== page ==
It is significant of American tardiness in the development of a national literary tradition that the name of Walt Whitman is today a greater influence with the young writers of the continent than with our own. Not since France discovered Poe has literary Europe been so moved by anything American. The suggestion has even been made that ‘Whitmanism’ is rapidly to supersede ‘Nietzscheism’ as the dominant factor in modern thought. Léon Bazalgette translated Leaves of Grass into French in 1908. A school of followers of the Whitman philosophy and style was an almost immediate consequence. Such of the leading reviews as sympathize at all with the strong ‘young’ movement to break the shackles of classicism which have so long bound French prosody to the heroic couplet, the sonnet, and the alexandrine, are publishing not only articles on ‘Whitmanism’ as a movement, but numbers of poems in the new flexible chanting rhythms.
American art, when it comes, will be Mongol, inhuman,optimistic, and very much on the precious side, as opposed to European pathos and solidity.
Wait Whitman Bland and easy braggart of a very cosmic self. He lies, salmon-coloured and serene, whitling a stick in a very eerie dawn, oceanic emotion handy at his elbow.
What?! BLAST also describes a book as having “a soul like Walt Whitman, but none of the hirsute mistakes of that personage, and invention instead of sensibility” (!).
Whitman appears comparatively in book reviews, as in this one on D.H. Lawrence (authorial commentary: boo Lawrence): “‘Leaves of Grass ‘ rise to one’s mind as this fine catalogue is proclaimed; it seems to me now that Walt Whitman’s poetry is the only proper parallel to Mr. Lawrence’s ‘Sons and Lovers'” (The Blue Review 1.3).
Whitman is referenced repeatedly as a thinker moreso than poet in The New Age, a publication which describes itself as “an independent socialist review of politics, literature and art” or, eventually, “a weekly review of politics, literature and art” (examples just below from issues in 1907):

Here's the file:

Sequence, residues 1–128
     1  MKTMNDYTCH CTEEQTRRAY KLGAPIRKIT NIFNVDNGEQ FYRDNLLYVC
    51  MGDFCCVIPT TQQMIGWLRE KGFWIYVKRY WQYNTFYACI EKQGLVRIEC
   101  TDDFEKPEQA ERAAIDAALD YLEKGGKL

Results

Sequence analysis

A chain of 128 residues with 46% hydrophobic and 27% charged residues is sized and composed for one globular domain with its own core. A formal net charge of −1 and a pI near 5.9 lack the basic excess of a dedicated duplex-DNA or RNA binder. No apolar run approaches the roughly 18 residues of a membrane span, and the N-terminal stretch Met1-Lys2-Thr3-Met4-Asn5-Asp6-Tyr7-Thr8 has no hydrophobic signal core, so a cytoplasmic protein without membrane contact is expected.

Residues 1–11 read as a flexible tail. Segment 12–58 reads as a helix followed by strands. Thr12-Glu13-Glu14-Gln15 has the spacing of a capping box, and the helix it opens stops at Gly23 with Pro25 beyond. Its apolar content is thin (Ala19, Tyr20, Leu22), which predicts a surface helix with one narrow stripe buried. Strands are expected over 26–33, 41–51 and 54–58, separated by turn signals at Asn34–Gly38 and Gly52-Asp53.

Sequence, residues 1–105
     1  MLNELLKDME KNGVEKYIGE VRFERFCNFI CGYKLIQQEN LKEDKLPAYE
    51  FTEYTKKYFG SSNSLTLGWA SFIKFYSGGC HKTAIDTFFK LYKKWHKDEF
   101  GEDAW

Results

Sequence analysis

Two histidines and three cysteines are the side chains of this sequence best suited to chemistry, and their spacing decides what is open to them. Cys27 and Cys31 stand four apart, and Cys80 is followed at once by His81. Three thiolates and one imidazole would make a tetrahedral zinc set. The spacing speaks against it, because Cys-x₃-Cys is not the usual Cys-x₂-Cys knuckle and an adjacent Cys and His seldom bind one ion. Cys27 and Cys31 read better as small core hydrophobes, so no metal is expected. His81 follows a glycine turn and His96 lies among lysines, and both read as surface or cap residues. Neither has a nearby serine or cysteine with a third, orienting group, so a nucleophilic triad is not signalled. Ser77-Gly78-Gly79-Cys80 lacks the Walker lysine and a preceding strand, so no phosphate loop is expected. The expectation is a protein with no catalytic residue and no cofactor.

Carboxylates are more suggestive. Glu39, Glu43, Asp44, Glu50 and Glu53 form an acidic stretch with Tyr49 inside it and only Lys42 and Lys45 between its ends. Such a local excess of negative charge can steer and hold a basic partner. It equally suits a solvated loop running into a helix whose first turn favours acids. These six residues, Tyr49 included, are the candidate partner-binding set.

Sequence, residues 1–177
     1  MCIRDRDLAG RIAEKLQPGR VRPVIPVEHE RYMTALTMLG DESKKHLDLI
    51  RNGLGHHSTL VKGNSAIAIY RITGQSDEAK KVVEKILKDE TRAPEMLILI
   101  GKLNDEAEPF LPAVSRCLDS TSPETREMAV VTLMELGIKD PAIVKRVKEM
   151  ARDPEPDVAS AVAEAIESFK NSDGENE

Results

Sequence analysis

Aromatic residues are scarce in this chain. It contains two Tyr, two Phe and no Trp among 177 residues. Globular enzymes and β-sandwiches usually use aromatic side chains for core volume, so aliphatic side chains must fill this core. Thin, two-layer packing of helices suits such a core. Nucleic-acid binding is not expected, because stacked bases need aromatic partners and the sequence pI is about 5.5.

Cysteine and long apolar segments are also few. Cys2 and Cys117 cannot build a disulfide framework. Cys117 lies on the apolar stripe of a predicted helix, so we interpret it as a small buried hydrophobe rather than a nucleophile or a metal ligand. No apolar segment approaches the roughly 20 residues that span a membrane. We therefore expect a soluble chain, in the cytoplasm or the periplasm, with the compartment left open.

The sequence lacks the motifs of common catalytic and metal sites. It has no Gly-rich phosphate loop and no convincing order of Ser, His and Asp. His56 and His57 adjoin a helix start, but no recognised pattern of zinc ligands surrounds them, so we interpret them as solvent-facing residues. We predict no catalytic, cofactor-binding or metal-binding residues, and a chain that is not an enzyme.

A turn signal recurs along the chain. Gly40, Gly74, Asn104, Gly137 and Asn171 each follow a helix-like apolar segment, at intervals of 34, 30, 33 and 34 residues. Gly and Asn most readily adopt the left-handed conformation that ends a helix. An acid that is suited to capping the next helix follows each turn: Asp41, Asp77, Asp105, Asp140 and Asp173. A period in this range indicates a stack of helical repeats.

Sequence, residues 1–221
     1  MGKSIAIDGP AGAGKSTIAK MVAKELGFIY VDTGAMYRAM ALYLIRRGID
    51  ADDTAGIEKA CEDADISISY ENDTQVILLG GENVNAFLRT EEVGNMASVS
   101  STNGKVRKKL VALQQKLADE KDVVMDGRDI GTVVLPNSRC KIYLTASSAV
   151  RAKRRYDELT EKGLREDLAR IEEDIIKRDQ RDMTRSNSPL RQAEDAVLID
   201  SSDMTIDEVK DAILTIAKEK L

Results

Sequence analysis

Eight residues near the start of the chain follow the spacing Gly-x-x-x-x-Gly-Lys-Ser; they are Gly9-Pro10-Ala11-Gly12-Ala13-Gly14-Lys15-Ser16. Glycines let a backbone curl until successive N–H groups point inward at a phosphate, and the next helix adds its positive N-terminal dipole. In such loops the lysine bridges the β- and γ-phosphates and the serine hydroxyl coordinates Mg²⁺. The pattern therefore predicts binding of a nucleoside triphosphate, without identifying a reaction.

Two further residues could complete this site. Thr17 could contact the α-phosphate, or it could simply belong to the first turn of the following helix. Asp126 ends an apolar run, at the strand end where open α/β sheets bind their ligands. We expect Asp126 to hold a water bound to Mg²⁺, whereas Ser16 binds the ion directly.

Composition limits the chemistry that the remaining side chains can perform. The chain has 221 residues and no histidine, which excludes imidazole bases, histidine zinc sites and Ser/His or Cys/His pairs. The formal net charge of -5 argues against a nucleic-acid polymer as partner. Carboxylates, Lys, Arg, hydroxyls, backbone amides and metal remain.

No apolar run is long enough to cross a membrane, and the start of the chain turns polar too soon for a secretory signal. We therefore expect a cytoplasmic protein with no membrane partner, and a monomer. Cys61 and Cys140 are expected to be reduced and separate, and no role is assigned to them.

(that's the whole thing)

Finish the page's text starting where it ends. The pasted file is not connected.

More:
The dominant idea of Whitman, for example, is undeniably friendship, or what he calls camaraderie ; and the fact that the early Socialists called each other Comrade without distinction of sex is Significant.
This example, from a book review of a collection by Edward Carpenter, is bound to make Brendon as mad as it made me:
The politicians may make Socialism ; but such a spirit as Carpenter’s is required to make Socialists. I remember making in a moment of dubious inspiration an epithet for Carpenter that appeared to me at the time essentially true. I called him Mrs. Whitman. Whitman certainly impressed one with the sense of masculinity ; and equally certainly there are qualities in Carpenter that strike one as womanly.
In February 1910, a writer laments the shaky condition of American letters:
Nothing mortified me so much as to be told by an Englishman that Europe absorbs our finest talent. I was angry. He then began to call the names–Whistler, Sargent, Shannon, Abbey, Henry James, Henry Harland, and others of whom I had never heard. He named so many I cannot recall them. He wound up by saying Walt Whitman would have been far happier had he lived in England where he would have had a public instead of a small coterie in his own country. Needless to say my anger gave place to shame and mortification.
In November 1915, The New Age reprints this part of a review of a translation of Whitman (as an example of an ass’s bray):
To him all is without exceptions just as in prostitution to him all men are “friends,” just as to the prostitute everyone is a guest. Pah ! Pah ! What blindness! Whitman is blind and deaf, for he does not distinguish and, therefore, does not select, neither colours nor sounds nor persons. And the human soul?–he has no comprehension of it.
We too beg, of course, to disagree.